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In invasive pulmonary aspergillosis, direct invasion and occlusion of pulmonary vasculature by Aspergillus hyphae causes tissue hypoxia, which is enhanced by secreted fungal metabolites that downregulate compensatory angiogenic signaling pathways. We assessed the effects of basic fibroblast growth factor (bFGF) and vascular endothelial growth factor (VEGF) on survival rates, fungal burden, and in situ angiogenesis in a murine invasive pulmonary aspergillosis model. bFGF and VEGF monotherapy significantly increased survival rates and potentiated the activity of amphotericin B. bFGF-containing regimens were associated with reduced tissue fungal burdens. bFGF and VEGF reversed the antiangiogenic activity of Aspergillus fumigatus; however, VEGF induced the formation of immature neovessels, providing an explanation for its lesser efficacy. Treatment with bFGF plus amphotericin B was associated with neutrophil influx into Aspergillus-infected pulmonary tissue, suggesting that this combination limits fungal growth through neutrophil trafficking. Vasculogenic pathways are unexplored targets for the treatment of invasive pulmonary aspergillosis and may potentiate both innate immunity and antifungal drug activity against A. fumigatus.
Invasive aspergillosis is the most common opportunistic fungal infection in immunosuppressed patients with cancer. Despite the availability of new antifungal agents active against Aspergillus species in vitro and improved supportive care, mortality rates from invasive aspergillosis remain high [1–3]. Given the propensity of Aspergillus species to invade and occlude pulmonary vasculature, we and others hypothesized that vasculopathy may be a key contributor to treatment failure in invasive aspergillosis [4–6].
Angioinvasion, vascular thrombosis, and tissue infarction have long been recognized as central histopathological features of invasive pulmonary aspergillosis [7–9]. Moreover, tissue hypoxia has recently been demonstrated in Aspergillus-infected lung tissue of both neutropenic and nonneutropenic immunosuppressed mice . Thus, both Aspergillus and host cells must adapt to an oxygen-limited microenvironment in the setting of invasive pulmonary aspergillosis. Indeed, an Aspergillus mutant deficient in a sterol regulatory element–binding protein required for hypoxia adaptation (ΔSrbA) was virtually avirulent in immunosuppressed mice . For the host, angiogenesis represents a critical adaptive response to tissue hypoxia. We have previously shown that angiogenesis is suppressed, both in vitro and in vivo, by Aspergillus fumigatus secondary metabolites, specifically by the epipolythiodioxopiperazine gliotoxin . Downregulation of host genes encoding for important mediators of angiogenesis, such as basic fibroblast growth factor (bFGF), vascular endothelial growth factor (VEGF), and their respective receptors, occurred within 24 hours of infection in cyclophosphamide/cortisone-treated (neutropenic) mice but not corticosteroid-suppressed (nonneutropenic) mice . Therefore, we hypothesized that, in the neutropenic host, the homeostatic angiogenic response is attenuated by A. fumigatus, leading to worsening tissue hypoxia and sequestration of infected tissue. Suppression of angiogenesis may represent a barrier to effective treatment of invasive pulmonary aspergillosis, as it limits the migration of immune effector cells and penetration of antifungal drugs into the site of infection. These findings suggested that repletion of proangiogenic growth factors might potentiate both innate antifungal defenses and the activity of antifungal drugs in vivo.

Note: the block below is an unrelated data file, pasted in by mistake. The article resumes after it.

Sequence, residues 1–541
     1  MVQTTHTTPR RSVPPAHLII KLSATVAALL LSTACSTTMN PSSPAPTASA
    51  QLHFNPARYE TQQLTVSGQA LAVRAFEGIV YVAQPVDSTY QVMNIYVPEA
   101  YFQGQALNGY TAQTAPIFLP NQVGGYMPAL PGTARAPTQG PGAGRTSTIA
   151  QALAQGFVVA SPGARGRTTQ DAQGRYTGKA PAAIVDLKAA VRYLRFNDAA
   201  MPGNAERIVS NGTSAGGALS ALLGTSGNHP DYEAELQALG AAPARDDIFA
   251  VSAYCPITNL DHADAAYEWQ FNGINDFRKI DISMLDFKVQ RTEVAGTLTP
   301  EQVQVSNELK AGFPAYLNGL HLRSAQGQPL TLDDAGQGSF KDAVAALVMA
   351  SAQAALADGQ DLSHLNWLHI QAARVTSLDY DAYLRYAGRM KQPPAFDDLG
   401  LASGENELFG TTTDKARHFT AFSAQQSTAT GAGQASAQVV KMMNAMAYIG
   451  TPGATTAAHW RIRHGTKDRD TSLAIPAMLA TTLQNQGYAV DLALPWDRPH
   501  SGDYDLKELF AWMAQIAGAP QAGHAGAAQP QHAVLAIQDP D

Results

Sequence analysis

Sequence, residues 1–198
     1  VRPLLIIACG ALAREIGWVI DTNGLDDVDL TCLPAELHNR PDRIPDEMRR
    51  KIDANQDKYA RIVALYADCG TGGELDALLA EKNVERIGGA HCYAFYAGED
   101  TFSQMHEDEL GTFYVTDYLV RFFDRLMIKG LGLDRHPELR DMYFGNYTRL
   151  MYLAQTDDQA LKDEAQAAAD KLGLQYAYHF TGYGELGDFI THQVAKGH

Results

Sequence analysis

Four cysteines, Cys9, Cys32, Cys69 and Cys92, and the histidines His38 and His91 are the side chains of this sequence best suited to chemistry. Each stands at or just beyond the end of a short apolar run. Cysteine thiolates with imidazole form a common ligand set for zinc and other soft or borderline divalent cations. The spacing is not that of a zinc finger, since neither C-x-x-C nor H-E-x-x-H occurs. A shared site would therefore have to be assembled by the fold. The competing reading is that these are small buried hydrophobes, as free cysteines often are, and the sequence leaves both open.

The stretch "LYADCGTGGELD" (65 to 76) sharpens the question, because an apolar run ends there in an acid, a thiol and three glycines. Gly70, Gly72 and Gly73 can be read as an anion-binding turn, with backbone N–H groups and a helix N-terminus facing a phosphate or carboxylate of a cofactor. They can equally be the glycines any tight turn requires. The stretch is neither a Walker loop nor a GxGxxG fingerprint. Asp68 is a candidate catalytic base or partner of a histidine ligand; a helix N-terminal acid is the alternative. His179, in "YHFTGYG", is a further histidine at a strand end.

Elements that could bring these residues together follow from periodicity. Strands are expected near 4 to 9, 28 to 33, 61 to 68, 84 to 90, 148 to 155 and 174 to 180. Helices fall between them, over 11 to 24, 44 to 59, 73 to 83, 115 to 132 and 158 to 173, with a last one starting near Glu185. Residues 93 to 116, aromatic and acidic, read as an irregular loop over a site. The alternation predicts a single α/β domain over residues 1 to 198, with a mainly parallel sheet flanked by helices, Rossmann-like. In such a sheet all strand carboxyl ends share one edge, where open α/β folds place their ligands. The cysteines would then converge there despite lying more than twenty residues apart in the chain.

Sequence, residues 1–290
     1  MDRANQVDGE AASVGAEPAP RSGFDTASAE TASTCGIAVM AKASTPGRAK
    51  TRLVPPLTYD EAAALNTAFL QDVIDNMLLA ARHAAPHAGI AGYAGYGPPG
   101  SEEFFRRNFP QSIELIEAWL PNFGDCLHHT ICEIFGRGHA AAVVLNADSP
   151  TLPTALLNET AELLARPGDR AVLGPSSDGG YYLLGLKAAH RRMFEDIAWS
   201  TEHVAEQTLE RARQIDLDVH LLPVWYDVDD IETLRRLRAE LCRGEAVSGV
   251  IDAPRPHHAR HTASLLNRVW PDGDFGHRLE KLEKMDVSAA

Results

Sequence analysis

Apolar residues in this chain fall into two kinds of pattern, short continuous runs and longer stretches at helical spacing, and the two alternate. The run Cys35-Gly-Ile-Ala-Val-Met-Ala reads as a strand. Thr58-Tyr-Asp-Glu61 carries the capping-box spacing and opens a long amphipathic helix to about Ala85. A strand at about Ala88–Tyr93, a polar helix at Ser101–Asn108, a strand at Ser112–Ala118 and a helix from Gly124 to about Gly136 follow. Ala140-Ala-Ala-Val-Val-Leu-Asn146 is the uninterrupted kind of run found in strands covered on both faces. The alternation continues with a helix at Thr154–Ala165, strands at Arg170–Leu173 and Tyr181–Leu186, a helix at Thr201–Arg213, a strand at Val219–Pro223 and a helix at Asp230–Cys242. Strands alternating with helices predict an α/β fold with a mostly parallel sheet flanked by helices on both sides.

In the present study, we aimed to determine whether bFGF and VEGF, alone or in combination with amphotericin B, would reverse angiogenesis inhibition at the site of A. fumigatus infection and improve survival rates in an experimental model of invasive pulmonary aspergillosis.
A. fumigatus strain Af293 was grown on yeast extract agar glucose (YAG; yeast extract, 5 g/L; glucose, 10 g/L; agar, 15 g/L; MgCl2 1 M, 10 mL/L; and trace elements, 1 mL/L) at 37°C for 48–72 hours. Conidia were collected in sterile saline, washed 3 times, and enumerated in a hemacytometer. Conidial suspensions were prepared at 2.5 × 108 cells/mL for intranasal inoculation (pulmonary model ) and at 5 × 107 cells/mL for subcutaneous inoculation (cutaneous model ). The inoculum suspensions were serially diluted in sterile saline and inoculated on YAG plates to verify <10% variation in viable conidia concentrations.
Amphotericin B deoxycholate (X-Gen Pharmaceuticals, Big Flats, NY) was prepared in sterile water at 5 mg/mL and further diluted 1:50 in 5% dextrose in water. Recombinant human VEGF, proximal splice site 165 (rh-VEGF165; R&D Systems, Minneapolis, MN), was prepared in sterile phosphate-buffered saline (PBS) with 0.1% bovine serum albumin at 10 µg/mL. Recombinant human bFGF (rh-bFGF; R&D Systems) was prepared in sterile PBS at 25 µg/mL.
We performed susceptibility testing of A. fumigatus strain Af293 to VEGF, bFGF, and the combination bFGF/VEGF by broth microdilution  at a range of relevant concentrations (0.015–4 µg/mL). We found no direct effect of bFGF, VEGF, or the combination on Af293 growth at these concentrations (data not shown).